Thomas R. Porter (Sakokwenionkwas, meaning “The One Who Wins”) is the spokesperson and spiritual leader of the Mohawk Community of Kanatsiohareke (Ga na jo ha lay gay) in the Mohawk Valley near Fonda, New York, which he founded in 1993. He is a member of the Bear Clan of the Mohawk Nation at Akwesasne. Also known as the St. Regis Mohawk Reservation, Akwesasne straddles the New York State/Canadian border near Massena, New York. He is married to Alice Joe Porter, who is Choctaw. They have six children.
Mr. Porter held the position of sub-chief for the Tehanakarine Chieftainship, one of nine chief titles of the Mohawk Nation, between 1971-1992. Chiefs are considered to be spiritual as well as political leaders, and the duties of that position include officiating at marriage ceremonies, death ceremonies and numerous other traditional ceremonies throughout the year.
Mr. Porter was also the director of the Akwesasne Freedom School and a teacher at both the Akwesasne Freedom and the Kahnawake Survival Schools, where he taught Mohawk language, philosophy, history and carpentry. The purpose of both schools is to teach all of the usual subjects,, but within a traditional Mohawk worldview and with an emphasis on keeping the Mohawk language alive and vital. It is said that with the loss of language comes a loss of at least 50% of a people’s culture and identity.
Additionally, Mr. Porter worked as secretary for the Mohawk Nation Council of Chiefs for 8 years and as an interpreter for 11 years. He is still called on to help when his schedule allows.
He organized the “White Roots of Peace,” a traveling multi-media communications group designed to revitalize Native traditions and beliefs in North America, and was the group’s main speaker, lecturing at various universities and colleges across the United States and Canada.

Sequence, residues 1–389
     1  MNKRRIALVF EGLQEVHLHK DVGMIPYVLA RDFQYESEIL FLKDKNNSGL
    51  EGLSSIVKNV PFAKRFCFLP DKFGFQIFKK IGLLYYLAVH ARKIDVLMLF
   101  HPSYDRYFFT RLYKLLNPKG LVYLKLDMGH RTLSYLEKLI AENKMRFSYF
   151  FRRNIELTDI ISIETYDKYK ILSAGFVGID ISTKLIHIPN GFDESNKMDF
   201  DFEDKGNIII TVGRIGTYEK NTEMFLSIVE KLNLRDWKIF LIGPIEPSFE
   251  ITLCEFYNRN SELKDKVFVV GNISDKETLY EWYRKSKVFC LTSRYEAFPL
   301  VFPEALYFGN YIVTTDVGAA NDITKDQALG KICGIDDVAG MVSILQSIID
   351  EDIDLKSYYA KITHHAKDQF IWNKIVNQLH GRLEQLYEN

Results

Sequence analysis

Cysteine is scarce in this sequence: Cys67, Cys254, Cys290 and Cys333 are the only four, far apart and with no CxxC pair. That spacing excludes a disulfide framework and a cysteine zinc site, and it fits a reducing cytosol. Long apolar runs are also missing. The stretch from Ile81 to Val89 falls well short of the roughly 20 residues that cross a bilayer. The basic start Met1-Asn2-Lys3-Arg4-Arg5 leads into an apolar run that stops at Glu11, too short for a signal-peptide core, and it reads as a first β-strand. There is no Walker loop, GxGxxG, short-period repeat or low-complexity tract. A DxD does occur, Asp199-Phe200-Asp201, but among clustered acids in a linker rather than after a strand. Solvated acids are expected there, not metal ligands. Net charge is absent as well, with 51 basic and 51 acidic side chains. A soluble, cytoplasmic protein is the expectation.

For ten years, Mr. Porter was also the Native American consultant for the New York State Penitentiary System and Chaplain for all of the Native inmates in the New York State Penal System. His office was located in Albany, New York, but he traveled all over the state to meet and confer with Native inmates, as well as to teach and help them conduct traditional ceremonies.
In addition to everything else, Mr. Porter has authored various books and pamphlets, all of which teach about Mohawk traditions and spirituality. Most of these titles are available through the Craft Store at Kanatsiohareke:
Drum and Rattlemaking
Ohen:ton Karihwatehkwen (The Thanksgiving Address)
Traditional Mohawk Clothing
Akwesasne Mohawk Social Dances
Kanatsiohareke: Traditional Mohawk Indians Return to Their Ancestral Homeland
And Grandma Said…
Nobody Can Do It Better Than Warisosa
The recipient of numerous awards, Mr. Porter has been widely recognized and honored for his work.